Merge tb2 into tb1 at line pos
Afterwards what was line 0 of tb2 will be line pos of tb1. The old line pos of tb1 will follow after the last line of tb2. After this operation tb2 can not be used anymore (as if we had used releaseTB() on it).
void mergeTB (TB tb1, int pos, TB tb2);
Copy tb2 into tb1 at line pos
Like mergeTB(), but tb2 remains unmodified and is still usable independent of tb1.
void pasteTB (TB tb1, int pos, TB tb2);
For all extracting functions, if any of the arguments indicating a line number is out of range, the function has to print a suitable error message and terminate the program with the standard function abort().
The textbuffers returned by the extracting functions are as if they were newly created with newTB().
Cut the lines between and including from and to out of the textbuffer tb.
The cut lines will be deleted from tb. If to is less than from, return NULL. TB cutTB (TB tb, int from, int to);
Return a linked list of all matches in tb of a certain string
The search is case sensitive and the textbuffer tb must remain unmodified.
Match searchTB (TB tb, char* search);
consider calling searchTB(tb,”love”) on the following TB
Hello World My
name is jarred lovegood
and i love carley ray jepson
this would give us a list:
| lineNumber: 2, | | lineNumber: 3, |
| charIndex: 15, | | charIndex: 6, |
| next: ————->| next: ————-> NULL
Note that the line number is 1 indexed whereas the character index is 0 indexed and refers to the first character of the match string
Note that Match is a pointer to the first node in the list
The function formRichText searches every line of tb and performs the following substitutions
String Replacement Example
*some string* <b>some string</b> *hello* -> <b>hello</b>
_some string_ <i>some string</i> _hello_ -> <i>hello</i>
#some string … <h1>some string …</h1> #hello -> <h1>hello</h1>
The matching is simplistic in that you would begin scanning at the first special character and continue to consume characters (ignoring any further special characters) until the matching special character. If there is no matching character, nothing is done and the next special character is processed
Note that the # character must be the first character in a line or else it does nothing. In addition it matches until the end of the line and not until a matching #. See example below.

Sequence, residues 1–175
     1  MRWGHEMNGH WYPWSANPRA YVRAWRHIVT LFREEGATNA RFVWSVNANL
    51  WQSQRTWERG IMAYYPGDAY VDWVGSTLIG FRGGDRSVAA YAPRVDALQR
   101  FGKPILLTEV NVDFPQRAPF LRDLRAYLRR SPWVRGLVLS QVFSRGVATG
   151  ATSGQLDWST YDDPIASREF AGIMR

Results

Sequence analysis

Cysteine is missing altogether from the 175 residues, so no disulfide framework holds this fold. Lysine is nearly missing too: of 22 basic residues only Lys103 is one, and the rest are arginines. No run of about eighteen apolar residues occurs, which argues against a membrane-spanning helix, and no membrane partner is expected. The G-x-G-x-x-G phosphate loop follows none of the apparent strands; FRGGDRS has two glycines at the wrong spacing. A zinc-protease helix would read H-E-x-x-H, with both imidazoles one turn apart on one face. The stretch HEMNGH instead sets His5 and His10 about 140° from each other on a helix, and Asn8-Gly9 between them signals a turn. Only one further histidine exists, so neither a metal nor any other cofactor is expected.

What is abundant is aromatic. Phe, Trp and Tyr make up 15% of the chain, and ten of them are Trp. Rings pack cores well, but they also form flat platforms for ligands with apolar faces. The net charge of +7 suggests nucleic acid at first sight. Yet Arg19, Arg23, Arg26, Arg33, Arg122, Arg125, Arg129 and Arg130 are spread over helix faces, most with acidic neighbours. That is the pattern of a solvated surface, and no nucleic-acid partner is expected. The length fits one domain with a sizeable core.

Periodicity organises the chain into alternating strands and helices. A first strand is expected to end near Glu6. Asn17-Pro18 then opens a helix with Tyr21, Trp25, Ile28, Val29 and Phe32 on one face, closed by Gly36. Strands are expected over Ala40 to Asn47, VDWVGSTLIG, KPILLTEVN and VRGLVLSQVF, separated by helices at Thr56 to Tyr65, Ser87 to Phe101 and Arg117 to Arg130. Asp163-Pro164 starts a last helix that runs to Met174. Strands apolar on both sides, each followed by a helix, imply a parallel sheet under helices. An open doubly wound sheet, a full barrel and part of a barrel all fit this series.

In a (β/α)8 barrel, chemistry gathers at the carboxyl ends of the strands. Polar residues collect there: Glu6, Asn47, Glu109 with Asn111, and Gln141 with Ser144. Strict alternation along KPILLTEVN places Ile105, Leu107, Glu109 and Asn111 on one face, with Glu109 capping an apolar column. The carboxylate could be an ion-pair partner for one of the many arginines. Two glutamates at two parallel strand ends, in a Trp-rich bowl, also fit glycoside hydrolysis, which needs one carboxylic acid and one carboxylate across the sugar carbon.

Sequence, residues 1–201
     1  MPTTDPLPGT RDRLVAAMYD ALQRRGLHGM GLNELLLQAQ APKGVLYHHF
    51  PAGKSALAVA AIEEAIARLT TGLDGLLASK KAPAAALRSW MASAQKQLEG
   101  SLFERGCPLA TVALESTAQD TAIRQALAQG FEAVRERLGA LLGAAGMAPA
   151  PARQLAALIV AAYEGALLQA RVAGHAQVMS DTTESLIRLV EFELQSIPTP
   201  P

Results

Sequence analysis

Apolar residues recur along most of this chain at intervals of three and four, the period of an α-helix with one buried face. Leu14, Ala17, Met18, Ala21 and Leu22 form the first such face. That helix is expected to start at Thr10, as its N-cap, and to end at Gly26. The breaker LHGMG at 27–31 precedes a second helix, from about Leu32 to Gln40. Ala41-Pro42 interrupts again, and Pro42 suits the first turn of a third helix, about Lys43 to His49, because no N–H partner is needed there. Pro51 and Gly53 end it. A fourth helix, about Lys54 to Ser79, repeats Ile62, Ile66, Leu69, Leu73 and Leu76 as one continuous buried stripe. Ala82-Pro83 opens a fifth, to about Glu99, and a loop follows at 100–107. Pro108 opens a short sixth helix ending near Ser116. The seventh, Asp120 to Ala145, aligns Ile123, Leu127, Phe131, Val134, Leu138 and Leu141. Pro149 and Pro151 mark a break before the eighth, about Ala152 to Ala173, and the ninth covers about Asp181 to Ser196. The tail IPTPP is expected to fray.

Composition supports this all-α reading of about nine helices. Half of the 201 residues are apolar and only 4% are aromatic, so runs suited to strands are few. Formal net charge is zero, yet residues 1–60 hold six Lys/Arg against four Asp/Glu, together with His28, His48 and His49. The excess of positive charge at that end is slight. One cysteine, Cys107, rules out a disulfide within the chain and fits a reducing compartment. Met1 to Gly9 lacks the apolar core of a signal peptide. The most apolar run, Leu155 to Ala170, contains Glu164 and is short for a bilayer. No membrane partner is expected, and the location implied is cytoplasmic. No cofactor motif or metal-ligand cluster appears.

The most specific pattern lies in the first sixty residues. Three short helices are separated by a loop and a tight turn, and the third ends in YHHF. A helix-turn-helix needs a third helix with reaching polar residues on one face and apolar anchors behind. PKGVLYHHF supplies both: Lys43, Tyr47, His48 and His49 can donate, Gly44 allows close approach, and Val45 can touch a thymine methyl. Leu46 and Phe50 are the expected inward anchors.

*some string *some string
*some string*lol* <b>some string</b>lol*
*some* _string_ <b>some</b> <i>string</i>
some *string_again_ some *string<i>again</i>
In the case of nested special characters, i.e
You may take the outermost element and ignore any nesting.
#some _string_ <h1>some _string_</h1>
void formRichText (TB tb);
Assignment 1 Bonus Challenges
Differences between two textbuffers (1 mark)
Given two text files, we sometimes want to know what changes are made from one file to another file. The function diffTB works out which lines of texts are added or deleted from tb1 to get tb2. The
returned string of the function is an edit solution consisting of a series of add and delete commands. Applying such commands on tb1 in sequence should result in tb2.
char* diffTB (TB tb1, TB tb2);
An edit solution should have one command per line to either add or delete a line of text at a specific line number. An example is given below. The first command adds a line of text ‘add this line please’ at line 2 of the current textbuffer (counting from 0). The existing line 2 is moved to line 3, and so on. The second command deletes the line 3 of the textbuffer. The last command adds the specified text at line 12 of the textbuffer.
+,2,add this line please
+,12,add this line as well please
A mark is given if your solution satisfies two criteria given below:
Correctness – applying your edit solution on tb1 results in tb2.
Compactness – the size of your edit solution (i.e. number of lines) is smaller than or equal to the size of our model solution. This is to avoid trivial solutions like delete all lines of tb1 and add all lines of tb2.
Undo and redo operations (1 mark)
The function undoTB should be able to reverse at most 10 recently called operations on tb. Applicable operations are, deleteTB, mergeTB, pasteTB, cutTB. Each time undoTB is called, one operation is reversed on tb. When the maximum number of allowable undo operations is reached, nothing is done on tb.
void undoTB (TB tb);
The function redoTB calls operations that are reversed by undoTB again in order. Similar to undoTB, this function should redo one operation on tb per function call. However, when a new operation is called on tb, any reversed operations cannot be executed again with redoTB.